Considering that the final proposal for the Collective Bargaining Agreement is not even fully written up yet, it goes without saying that there are still a lot of details within the deal to which we are unfamiliar, and which are gradually coming to light. Mike Florio pointed out a somewhat interesting one, though perhaps one that may quickly be rendered obsolete.
The change pertains to the manner in which the compensatory pick formula is calculated, and as we know, there are certainly teams like the Baltimore Ravens who pay very close attention to this. Over the Cap has done some good work in demystifying this in recent years as well.
Even the Pittsburgh Steelers acknowledged the realities of the compensatory formula last season. They knew they were in-line for a third-round pick for the loss of Le’Veon Bell before the Philadelphia Eagles released one of their qualifying free agent losses, L.J. Fort, which had the effect of cancelling out Bell. In order to restore that pick, they released one of their free agent signings, Donte Moncrief.
While that would still be in effect today, and frankly that is the change I would like to see happen, according to a summary through the NFLPA, the new CBA is taking steps toward perhaps protecting some fringe veteran players who may otherwise have their free agency prospects injured because of the formula.
Currently, many teams wait to sign certain free agents until the compensatory formula period ends, to make sure that those signings do not impact their gains. Now, under the new CBA, all veteran players who sign a one-year contract of $1.75 million or less will be excluded from the equation.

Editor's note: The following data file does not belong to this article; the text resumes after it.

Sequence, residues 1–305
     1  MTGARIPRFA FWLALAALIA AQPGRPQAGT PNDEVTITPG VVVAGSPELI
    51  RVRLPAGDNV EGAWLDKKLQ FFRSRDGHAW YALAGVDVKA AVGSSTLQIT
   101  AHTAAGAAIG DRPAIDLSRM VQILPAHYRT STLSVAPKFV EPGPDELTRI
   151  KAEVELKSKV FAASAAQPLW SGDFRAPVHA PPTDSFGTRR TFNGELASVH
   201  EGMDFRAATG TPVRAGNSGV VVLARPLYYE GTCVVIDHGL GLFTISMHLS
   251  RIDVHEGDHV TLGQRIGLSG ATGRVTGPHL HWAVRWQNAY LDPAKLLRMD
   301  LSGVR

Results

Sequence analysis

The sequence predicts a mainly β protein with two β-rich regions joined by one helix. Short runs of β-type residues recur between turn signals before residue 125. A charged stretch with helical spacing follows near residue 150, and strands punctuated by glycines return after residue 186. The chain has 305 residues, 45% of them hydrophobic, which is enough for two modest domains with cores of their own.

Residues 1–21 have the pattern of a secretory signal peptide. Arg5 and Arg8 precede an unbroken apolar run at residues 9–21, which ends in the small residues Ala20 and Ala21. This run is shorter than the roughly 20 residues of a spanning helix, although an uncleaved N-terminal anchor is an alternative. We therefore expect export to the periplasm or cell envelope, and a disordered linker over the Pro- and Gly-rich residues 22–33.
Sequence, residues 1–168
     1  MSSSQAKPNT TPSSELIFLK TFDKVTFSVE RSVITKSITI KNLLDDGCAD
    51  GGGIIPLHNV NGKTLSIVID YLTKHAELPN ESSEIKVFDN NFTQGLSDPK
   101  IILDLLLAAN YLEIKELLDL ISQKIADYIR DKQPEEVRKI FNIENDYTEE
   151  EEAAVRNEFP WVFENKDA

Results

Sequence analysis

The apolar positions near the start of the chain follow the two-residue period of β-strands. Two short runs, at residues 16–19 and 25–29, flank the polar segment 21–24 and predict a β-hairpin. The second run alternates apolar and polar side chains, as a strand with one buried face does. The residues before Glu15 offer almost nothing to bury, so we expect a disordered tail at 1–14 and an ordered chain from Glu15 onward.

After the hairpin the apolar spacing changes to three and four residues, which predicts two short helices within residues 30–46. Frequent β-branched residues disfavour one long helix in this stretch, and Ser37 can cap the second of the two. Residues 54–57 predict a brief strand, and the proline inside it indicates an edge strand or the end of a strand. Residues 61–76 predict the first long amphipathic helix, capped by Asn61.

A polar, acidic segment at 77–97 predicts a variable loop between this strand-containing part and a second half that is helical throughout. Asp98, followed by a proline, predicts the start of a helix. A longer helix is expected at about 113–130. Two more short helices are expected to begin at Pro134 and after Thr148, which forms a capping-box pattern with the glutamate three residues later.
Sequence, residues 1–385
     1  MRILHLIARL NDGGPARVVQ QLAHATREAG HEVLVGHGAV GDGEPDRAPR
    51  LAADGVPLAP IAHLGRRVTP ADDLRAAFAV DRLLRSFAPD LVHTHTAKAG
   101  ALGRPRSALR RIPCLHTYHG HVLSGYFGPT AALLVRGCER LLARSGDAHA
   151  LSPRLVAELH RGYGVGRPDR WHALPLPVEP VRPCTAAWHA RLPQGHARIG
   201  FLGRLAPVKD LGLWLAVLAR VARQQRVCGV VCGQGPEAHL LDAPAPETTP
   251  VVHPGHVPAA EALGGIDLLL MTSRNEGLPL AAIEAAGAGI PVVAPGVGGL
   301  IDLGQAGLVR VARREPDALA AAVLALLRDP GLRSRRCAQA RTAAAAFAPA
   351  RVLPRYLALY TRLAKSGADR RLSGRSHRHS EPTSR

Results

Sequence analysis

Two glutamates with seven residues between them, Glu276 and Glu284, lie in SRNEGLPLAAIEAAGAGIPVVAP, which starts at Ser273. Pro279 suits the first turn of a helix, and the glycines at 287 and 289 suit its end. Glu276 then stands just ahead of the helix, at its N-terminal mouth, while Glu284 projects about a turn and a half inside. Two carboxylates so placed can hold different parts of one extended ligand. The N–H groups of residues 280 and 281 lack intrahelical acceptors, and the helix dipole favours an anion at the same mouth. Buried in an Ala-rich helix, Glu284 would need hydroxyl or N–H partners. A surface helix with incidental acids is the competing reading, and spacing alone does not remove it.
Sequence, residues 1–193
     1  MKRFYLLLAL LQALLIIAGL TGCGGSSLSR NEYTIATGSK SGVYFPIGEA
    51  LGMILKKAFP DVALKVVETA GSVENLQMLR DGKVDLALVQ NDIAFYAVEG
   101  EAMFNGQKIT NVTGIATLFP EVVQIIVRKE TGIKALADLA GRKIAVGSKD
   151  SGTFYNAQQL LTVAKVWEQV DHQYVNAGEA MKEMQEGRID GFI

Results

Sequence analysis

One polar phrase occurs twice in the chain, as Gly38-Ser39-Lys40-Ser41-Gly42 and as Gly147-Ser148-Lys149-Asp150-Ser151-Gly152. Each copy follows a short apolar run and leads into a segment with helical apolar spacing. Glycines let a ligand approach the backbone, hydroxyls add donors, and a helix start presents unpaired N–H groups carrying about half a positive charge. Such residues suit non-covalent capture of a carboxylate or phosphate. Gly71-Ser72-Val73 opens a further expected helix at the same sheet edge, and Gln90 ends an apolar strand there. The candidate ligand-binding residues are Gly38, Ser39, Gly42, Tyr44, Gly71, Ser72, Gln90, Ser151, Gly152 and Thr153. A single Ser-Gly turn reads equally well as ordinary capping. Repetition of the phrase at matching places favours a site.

I do question how significant this is, however, because already we have crossed the $1 million threshold for those who qualify. According to Over the Cap, for example, the lowest salary that qualified for a compensatory pick that was not cancelled out was that signed by Josh Mauro for $1.3 million.
With the salary cap continuing to go up and up, and expected to make a series of substantial jumps in the next few years, it will probably be not long at all before players who sign one-year contracts worth $1.75 million would already not even qualify for one of the 32 compensatory pick slots, because other contracts signed would have outranked them.
In case you were wondering and did not bother to click the link, the Steelers are projected to receive the sixth-highest compensatory pick in the third round for losing Bell. Trey Flowers, Landon Collins, Trent Brown, Earl Thomas, and Tyrann Mathieu were the players who qualified for a higher pick for their teams. Only seven third-round picks are anticipated to be awarded.